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Max Q: Steve Wozniak and Alex Fielding want to map space junk

·5-min read

Hello and welcome back to Max Q. It was a busy week for the space industry! Keep reading for news from Astra, Blue Origin, Varda Space and more.

Tips, opinions, criticism, thoughts? Email me at aria.techcrunch@gmail.com or find me on Twitter at @breadfrom.

Don’t forget to sign up to get the free newsletter version of Max Q delivered to your inbox.

Astra completes its investigation into August's sideways launch

It appears that small rocket startup Astra has identified the root cause of the anomaly that led to its launch failure at the end of August. Evidently, it was due to a propellant leakage, which caused one of the engines to shut down one second after launch, Astra's chief engineer Benjamin Lyon said in a blog post. The subsequent asymmetrical engine firing that came after led the rocket to hover and drift in the air before managing a brief vertical ascension.

Even as it recounted the debacle, the company is ready to try again, opening the launch window for its next attempt on October 27. The rocket, dubbed “LV0007,” will carry a test payload for the U.S. Space Force.

Image Credits: Astra / John Kraus (opens in a new window)

Steve Wozniak and Alex Fielding want to create "the Google Maps of space"

Rumors were swirling in September after Apple co-founder Steve Wozniak tweeted a link to a one-minute promo video on YouTube for a new company called Privateer. Sleuths started to wonder if the new company might have to do with orbital debris or space junk -- cleaning it up, perhaps?

Not quite. I got the lowdown on the new startup from co-founder Alex Fielding, who told me that Privateer's aim is to create concrete and actionable knowledge regarding the location of space debris. As it turns out, what info we do have isn't that great. To solve this problem, Privateer aims to send up its first demo spacecraft, dubbed Pono 1, next February; subsequent launches will follow.

“I’m an optimist and I still am very, very, very afraid that we’re too late, that we’re probably within 24 months of the first on-orbit human space casualty," Fielding said. "And the reason for that is just the proliferation in low Earth orbit.”

A new partnership between defense and venture capital

This week, I chatted with the co-founders of Embedded Ventures, an eleven-month-old venture capital firm that's recently entered into a novel agreement with the U.S. Space Force. This news interested me because the two entities are using a partnership agreement called a CRADA -- a Cooperative Research and Development Agreement -- that's never before been used with a VC fund.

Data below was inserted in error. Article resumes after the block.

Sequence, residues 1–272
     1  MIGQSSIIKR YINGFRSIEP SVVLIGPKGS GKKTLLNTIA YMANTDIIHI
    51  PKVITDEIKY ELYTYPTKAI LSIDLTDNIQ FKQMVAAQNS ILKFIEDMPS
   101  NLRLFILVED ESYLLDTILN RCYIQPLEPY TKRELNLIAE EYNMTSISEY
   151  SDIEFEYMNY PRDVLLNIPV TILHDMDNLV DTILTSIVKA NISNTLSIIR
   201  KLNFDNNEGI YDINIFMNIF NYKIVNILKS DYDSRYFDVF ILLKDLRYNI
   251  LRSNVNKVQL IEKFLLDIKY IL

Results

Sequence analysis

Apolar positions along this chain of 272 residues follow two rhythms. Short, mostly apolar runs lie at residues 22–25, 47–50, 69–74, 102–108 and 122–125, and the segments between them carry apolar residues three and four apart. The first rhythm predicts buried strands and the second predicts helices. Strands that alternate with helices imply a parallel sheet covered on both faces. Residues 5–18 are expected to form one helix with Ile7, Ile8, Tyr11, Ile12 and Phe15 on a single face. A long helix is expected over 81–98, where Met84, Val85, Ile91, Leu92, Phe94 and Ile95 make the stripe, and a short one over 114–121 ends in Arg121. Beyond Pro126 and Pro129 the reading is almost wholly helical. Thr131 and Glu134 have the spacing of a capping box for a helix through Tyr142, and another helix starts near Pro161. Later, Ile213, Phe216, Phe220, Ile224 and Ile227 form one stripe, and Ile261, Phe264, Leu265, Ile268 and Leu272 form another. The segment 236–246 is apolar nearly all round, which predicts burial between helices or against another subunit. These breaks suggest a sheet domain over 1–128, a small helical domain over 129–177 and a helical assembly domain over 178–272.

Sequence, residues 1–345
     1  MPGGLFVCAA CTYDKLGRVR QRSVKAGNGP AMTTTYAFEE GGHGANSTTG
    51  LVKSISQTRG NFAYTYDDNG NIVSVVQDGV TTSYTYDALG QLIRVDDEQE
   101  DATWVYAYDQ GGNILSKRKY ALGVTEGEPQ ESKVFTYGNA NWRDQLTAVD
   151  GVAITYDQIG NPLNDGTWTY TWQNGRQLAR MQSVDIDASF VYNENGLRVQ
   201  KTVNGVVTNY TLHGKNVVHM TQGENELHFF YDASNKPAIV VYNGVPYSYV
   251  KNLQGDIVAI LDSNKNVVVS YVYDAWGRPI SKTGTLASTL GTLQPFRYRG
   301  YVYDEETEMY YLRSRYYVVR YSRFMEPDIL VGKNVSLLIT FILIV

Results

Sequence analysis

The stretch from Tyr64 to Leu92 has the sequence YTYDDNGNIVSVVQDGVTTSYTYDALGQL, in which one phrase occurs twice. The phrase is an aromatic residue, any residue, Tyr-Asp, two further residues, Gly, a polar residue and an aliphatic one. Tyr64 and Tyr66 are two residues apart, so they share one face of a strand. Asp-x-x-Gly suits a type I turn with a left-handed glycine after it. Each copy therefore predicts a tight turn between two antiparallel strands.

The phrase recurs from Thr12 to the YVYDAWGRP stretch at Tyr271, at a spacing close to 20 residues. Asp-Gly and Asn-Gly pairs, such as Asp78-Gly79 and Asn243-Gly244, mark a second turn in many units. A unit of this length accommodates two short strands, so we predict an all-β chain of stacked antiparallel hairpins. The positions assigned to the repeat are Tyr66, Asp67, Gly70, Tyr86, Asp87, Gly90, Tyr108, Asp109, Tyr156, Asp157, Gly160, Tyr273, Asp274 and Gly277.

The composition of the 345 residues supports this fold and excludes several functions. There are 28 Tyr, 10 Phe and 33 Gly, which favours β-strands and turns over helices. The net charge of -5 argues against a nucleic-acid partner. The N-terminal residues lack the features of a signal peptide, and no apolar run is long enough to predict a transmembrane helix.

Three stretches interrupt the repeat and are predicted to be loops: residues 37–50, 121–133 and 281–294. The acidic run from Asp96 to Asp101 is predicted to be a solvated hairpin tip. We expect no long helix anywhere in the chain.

More space news from TechCrunch

  • Blue Origin successfully completed its second crewed launch, sending four people -- including actor William Shatner -- to space and back on Wednesday. Ninety-year-old Shatner is now the oldest person to go to space. It's a bit of good news for Blue, which is trying to build out its space tourism business amidst a slew of bad press (see below).

  • Rocket Lab is acquiring a Colorado-based space software company called Advanced Solutions, Inc. (ASI) for $40 million. ASI specializes in space software, mission simulation and test systems, as well as Guidance, Navigation, and Control (GNC) systems.

  • Space Perspective has caught the interest of investors in its approach to space tourism. The company is developing a stratospheric balloon system to take passengers to the upper-atmosphere by 2024, and just closed a $40 million Series A round.

  • Varda Space Industries, the fast-moving startup that wants to build manufacturing facilities in space, has selected SpaceX as its launch provider for its first demo flight in 2023. Varda's spacecraft will be going to orbit on a Falcon 9 rideshare mission, an increasingly popular option for smaller companies looking to send lighter payloads to space.

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News from around the web

  • Blue Origin has a serious "bro culture" problem, according to numerous employees and industry officials interviewed by The Washington Post. This latest damning report largely supports the essay penned by 21 current and former Blue employees last month.

  • mu Space, a Thai aerospace manufacturer, has opened a third factory in Thailand, with a capacity of producing up to 100 satellites per year.

  • Planet Labs, which aims to go public via a merger with a blank-check firm, unveiled a new line of satellites, called "Pelican." Launches of the new satellites will begin next year.

  • Skyrora, a rocket startup based in the United Kingdom, has signed a multi-launch deal with a Scottish spaceport as it aims to launch its first vehicle in 2022. The company eventually wants to conduct 16 launches a year by 2030.

  • Space Capital has released its quarterly report on investing in the sector. The firm found that investors have poured $8.7 billion into the industry in the third quarter alone, positioning 2021 to beat last year's record.

  • Spaced Ventures, a crowdfunding platform to let individuals invest in space startups, raised a $1.2 million seed round, led by WorldQuant Ventures. The company says it has already received more than 100 applications from startups looking to raise on its platform.

Join us at TC Sessions: Space in December

Last year we held our first dedicated space event, and it went so well that we decided to host it again in 2021. This year, it’s happening December 14 and 15, and it’s once again going to be an entirely virtual conference, so people from all over the world will be able to join — and you can, too.

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